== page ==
On Personal Loss

Death is inevitable, but it doesn’t make it any easier to deal with. I have given a lot of thought over the past few days as to whether I wanted to write you this letter. Then last night my husband encouraged me to write it but decide later if I wanted to send it to you, so here we are. I don’t know if there was an invitation to send this but lately life has been telling me that I should say something if I want to, if I feel the profound need to, even if I don’t know how or the reason why. So, with that in mind, let me begin.

We live in a world right now where there is so much change. In truth, humans have been evolving for millennia, but only now have we been cognizant of how fast that change is and how constant it is. Loss is something that was never discussed in my family, openly. It made all of the loss in my life that was always so sudden very traumatic in a way. On the one hand, loss is reality. The cruelest, most raw, and most real kind of reality there is. On the other hand, my family never spoke about it, so when loss occurred, to me it always seemed like there was a ghost of something unsaid, something unseen, something very much unresolved, and I love that. I love that because I think part of my resistance writing to you is part of my coming to grips with the fact that grief is real. Loss is real. I’m working my way through a grief meditation pack myself where the person guiding the track speaks about how we never really “get over” loss; rather, loss becomes part of our lives. It never really “goes away.” We might get better and more able to get through the day, but to ignore it would be to ignore who we are as people, and to ignore who we ourselves really are.

Death is hard for me because it is the death of our expectations and our old selves. Though I am a Christian, I pay attention to what other systems of belief, including atheists, say. And in Buddhist thought there is the idea that we die many times, but we also become alive many times. I’m sure I’m screwing it up, and I love that, but I think the idea to me is that we are constantly changing, morphing, evolving, and dying day by day. I know I’ll probably raise some eyebrows in what I say next, but the first thing I thought about after my cat Calcifur died was that “we were supposed to move to DC together.” That expectation, the expectation that someone special was going to be around, even if our existence for the last part of his life was tortured in a way, was something that I clung onto for a very long time. It was the expectation that I formed my own identity around. I was a person who took care of him, who loved him, who knew that part of my purpose was to be with him.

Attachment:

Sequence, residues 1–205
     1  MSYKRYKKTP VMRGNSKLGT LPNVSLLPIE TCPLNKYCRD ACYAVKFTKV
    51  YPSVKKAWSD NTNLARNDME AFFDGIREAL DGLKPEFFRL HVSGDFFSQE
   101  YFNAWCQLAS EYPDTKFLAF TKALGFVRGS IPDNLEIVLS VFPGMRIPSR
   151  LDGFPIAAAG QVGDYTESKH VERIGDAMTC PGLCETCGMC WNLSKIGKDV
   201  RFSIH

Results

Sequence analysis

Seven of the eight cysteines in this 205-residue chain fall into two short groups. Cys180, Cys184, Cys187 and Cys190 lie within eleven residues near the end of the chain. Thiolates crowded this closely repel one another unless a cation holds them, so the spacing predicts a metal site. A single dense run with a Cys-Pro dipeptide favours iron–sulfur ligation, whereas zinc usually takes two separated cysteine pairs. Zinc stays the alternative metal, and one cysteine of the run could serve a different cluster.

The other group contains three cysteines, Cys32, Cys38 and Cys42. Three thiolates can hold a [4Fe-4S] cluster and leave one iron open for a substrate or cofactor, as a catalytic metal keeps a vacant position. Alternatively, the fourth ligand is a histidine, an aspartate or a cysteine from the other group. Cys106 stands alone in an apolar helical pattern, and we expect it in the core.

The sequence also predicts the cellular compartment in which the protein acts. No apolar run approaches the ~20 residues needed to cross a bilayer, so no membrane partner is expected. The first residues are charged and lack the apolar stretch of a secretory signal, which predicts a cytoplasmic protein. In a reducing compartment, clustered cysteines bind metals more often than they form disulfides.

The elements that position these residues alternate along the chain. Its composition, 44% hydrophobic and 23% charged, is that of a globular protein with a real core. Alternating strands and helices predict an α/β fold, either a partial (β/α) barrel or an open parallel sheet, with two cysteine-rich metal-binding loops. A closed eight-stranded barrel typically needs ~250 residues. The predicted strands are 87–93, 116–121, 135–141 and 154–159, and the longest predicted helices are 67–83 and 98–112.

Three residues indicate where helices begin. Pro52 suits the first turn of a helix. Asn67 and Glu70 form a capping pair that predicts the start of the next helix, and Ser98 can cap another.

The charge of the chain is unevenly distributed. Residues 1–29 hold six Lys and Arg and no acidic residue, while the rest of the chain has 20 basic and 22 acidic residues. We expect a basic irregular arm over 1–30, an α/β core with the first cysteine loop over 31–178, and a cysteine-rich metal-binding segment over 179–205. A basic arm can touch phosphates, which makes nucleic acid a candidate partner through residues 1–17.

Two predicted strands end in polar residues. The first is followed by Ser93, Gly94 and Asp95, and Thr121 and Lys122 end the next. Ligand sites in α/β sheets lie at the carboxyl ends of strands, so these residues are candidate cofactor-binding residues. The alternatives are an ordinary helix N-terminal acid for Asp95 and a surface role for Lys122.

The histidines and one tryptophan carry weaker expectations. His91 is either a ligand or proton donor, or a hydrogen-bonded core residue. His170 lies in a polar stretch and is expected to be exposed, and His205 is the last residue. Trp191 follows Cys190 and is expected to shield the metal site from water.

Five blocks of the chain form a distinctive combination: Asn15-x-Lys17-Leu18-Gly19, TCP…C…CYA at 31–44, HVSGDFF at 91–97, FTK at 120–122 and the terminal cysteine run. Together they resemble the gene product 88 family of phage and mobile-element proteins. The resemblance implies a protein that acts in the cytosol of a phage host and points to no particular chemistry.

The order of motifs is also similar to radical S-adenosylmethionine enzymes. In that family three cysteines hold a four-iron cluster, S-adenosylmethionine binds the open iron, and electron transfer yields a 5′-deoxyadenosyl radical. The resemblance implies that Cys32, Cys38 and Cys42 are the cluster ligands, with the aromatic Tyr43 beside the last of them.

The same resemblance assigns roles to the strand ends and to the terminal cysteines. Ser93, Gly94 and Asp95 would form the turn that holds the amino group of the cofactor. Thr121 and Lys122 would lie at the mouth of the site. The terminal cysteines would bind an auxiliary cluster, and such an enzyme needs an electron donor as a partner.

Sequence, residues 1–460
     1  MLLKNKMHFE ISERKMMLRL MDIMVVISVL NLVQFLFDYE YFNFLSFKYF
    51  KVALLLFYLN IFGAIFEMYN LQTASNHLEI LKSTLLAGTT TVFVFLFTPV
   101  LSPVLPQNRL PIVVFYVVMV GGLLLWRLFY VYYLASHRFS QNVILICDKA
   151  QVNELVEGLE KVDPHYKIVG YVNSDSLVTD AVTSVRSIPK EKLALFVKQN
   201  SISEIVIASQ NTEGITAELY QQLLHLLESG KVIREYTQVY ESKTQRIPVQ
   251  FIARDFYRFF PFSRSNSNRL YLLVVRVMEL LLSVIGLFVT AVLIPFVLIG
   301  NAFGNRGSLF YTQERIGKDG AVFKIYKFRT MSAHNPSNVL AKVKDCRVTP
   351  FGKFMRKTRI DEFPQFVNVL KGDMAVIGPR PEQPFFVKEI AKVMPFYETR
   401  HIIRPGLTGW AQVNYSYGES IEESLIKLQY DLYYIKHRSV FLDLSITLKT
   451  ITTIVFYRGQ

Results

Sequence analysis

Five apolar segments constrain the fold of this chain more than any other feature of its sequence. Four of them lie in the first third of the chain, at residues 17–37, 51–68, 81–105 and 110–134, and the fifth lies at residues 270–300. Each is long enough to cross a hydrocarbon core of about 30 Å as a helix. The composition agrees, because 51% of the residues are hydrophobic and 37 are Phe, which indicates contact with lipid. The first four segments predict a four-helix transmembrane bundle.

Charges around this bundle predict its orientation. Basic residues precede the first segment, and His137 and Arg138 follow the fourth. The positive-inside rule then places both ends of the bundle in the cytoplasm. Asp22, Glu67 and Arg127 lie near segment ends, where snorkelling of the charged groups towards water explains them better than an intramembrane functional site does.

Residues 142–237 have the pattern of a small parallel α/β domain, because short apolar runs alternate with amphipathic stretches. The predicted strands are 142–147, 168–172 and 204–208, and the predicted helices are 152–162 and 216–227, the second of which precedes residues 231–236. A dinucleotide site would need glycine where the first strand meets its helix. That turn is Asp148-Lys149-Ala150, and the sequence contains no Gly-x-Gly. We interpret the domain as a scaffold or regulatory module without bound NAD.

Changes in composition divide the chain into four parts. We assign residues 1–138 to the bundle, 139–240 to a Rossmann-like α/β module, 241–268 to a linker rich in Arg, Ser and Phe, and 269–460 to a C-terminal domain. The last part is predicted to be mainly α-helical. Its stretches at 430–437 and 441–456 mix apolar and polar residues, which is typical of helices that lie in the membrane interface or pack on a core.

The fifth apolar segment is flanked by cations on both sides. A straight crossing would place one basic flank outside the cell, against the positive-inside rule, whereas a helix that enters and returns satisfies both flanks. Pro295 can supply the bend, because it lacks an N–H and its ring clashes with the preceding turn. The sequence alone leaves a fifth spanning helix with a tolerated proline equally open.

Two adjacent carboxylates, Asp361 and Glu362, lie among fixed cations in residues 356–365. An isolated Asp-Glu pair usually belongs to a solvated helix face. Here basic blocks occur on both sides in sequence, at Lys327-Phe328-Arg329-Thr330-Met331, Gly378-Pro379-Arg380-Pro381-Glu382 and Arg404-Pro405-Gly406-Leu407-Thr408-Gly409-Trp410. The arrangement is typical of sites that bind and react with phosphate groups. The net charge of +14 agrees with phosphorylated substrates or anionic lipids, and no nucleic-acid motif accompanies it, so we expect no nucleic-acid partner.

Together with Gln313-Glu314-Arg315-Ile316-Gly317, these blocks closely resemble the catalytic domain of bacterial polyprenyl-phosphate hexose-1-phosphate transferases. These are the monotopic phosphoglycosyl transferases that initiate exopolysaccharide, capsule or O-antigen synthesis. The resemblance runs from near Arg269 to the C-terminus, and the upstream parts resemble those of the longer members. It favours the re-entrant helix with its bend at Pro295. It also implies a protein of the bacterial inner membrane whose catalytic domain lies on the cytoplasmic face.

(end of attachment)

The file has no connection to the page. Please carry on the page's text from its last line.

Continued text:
Death of someone has always involved death of my expectations, whether I realize it or not. The point is that to move past that pain, I had to release and mourn not only him, but the loss of my old self. The acknowledgement that life changes fast, and it doesn’t wait for people to catch up, but eventually, I will.

The emptiness created by loss is huge and profound. But that emptiness also brings a certain kind of opportunity, even if it can be hard to see in the present moment. The emptiness left behind from release, from loss, from death itself is a place for more love and belonging and compassion to come in. It’s a space that we can choose to move into and discover that we are not our old story, or our past.

I do not know the reason why those we love leave in the way and time that they do.

I don’t feel a need to understand it.

But what I have found so helpful to understand and to try to work towards is finding a place where that emptiness creates a space for me to be my own truer self. For me to allow myself to get to a place of healing where I can be a space for others that may come into my life, for me to love and care for. And in that sense, that emptiness, though it becomes a part of me, is not a place of darkness, but a place of acceptance and wonder and joy at what life may bring ahead.

I write this letter for you as much as myself. I understand that. I know that, and I love that. I used to end letters like these with words of advice, maybe something concrete for the person to try. I’ve since felt the need not to do that, because I am now believing that everything a person needs in already inside of them. You know what you need to do.

I wish you all the best in your journey and leave you with these thoughts. Go far beyond what you perceive to be.

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